It’s what you make of it
My name is Melani. I’m old enough to remember Spice Girls and life before the Internet, but also young enough not to remember the events that led to my country’s re-independence, or well, anything else that happened before 90s, for that matter.
I come from Estonia. After finishing high school there at 19 and having studied in France and Belgium for a while, I’ve ended up in Switzerland, where I’ve lived for two years now. During this time, I studied in Fribourg, took part in a student radio, and last but not least, I was an active member in AIESEC, the largest youth-run organization. Out of the three experiences, the last was not only the most interesting one, but also the most educational and life-changing one, for several reasons.
Currently, I’m Communications Manager at unumondo, forcing myself to learn German, while at the same time trying to figure my life out piece by piece. Forcing myself, or well, what I really mean is that I am forced to learn German – because I see that without it, potential professional opportunities are more further from me than they would be if I were speaking the language, although I’m fluent in English as well as in French.
I know, I know, I’ve had two years here – why didn’t I start sooner? Because it wasn’t a priority and I didn’t see the absolute need for the language. Mostly, because I was naïve enough to think that I can do without. I didn’t have any concrete plans for staying or working here. It’s not that it wasn’t a possibility, it obviously was – a very real one for that matter -, but I just didn’t think of it at all. And if there’s anything about those two years that I regret, it is exactly this – that I didn’t start back then.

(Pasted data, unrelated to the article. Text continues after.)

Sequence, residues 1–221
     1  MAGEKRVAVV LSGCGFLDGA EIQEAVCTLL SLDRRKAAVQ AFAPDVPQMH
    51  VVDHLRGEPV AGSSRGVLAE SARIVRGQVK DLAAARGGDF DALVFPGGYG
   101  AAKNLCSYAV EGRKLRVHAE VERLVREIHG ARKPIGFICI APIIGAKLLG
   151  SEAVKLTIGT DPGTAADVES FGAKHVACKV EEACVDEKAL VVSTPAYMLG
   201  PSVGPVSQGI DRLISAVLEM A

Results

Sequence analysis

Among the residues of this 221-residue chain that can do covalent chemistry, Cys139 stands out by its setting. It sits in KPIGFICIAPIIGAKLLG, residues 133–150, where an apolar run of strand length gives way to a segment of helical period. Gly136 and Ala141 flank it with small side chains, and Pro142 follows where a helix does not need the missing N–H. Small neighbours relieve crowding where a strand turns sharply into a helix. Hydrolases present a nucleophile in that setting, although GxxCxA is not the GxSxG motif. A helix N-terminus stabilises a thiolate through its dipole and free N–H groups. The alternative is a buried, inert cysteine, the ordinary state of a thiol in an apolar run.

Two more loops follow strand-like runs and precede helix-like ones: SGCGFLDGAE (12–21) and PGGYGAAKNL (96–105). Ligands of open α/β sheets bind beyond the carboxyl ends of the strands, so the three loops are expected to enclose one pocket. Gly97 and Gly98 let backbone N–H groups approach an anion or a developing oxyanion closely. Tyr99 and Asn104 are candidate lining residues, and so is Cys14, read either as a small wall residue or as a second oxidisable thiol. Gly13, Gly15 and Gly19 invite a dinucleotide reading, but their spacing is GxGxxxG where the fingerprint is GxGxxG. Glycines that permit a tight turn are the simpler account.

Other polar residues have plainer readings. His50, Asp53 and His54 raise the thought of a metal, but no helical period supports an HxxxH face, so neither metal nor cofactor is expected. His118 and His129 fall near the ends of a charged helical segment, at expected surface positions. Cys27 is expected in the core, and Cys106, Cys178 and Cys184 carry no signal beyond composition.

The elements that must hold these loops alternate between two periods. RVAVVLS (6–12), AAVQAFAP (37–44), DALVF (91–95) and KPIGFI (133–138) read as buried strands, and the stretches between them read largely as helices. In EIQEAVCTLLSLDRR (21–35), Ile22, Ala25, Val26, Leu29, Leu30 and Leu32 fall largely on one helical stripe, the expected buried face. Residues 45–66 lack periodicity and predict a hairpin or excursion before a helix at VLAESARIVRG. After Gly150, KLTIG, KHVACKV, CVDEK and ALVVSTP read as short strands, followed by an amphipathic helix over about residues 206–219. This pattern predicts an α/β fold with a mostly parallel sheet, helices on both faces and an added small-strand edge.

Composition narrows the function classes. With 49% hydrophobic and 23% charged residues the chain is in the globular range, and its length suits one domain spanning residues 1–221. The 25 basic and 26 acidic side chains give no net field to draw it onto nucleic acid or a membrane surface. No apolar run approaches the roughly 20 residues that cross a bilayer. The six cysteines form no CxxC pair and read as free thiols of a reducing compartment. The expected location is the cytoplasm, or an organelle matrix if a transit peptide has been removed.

Make it happen
Regrets, however, don’t help me much further. Action does. Paying attention does. Listening does. The same way as Larissa wrote about her active and mindful listening experience with Italian, the same way I’ve picked up some German. I also use Babbel, Lingvist, and Duolingo. But I think this only gets me so far. That’s why I plan to take an actual course to make the process faster, hopefully more effective, and feel more accountability for making it happen.
It won’t be what you imagined
Whatever’s the reason you’ve ended up, or will end up, in a foreign country – it’s not, and it won’t certainly be what you had imagined. But it is what you make of it. There are moments it’s something much better and there are moments it’s so much worse. There are difficulties you are not prepared for and struggles that might make it or break it for you. Whether it’s the language, mindset, changes in your personal life, not really feeling it (it being the vibe)… what-have-you. At least this is what I’ve noticed based on my own experiences, as well as those of my friends.
Trial and error
But this is all part of life though, isn’t it? It’s only through trial and error that we see what works for us and what doesn’t. You do what you can, with what you have, where you are, and you see what happens. Your best never looks the same. It always depends on a day – how you feel, what’s happening in your mind and in your body, what’s happening around you, what motivates and inspires you. But one thing is for sure, whether we talk about learning a language or making a home out of a new place – no one is you and that is your power.
To be repeated: no one is you and that is your power.
So don’t sell yourself short 🙂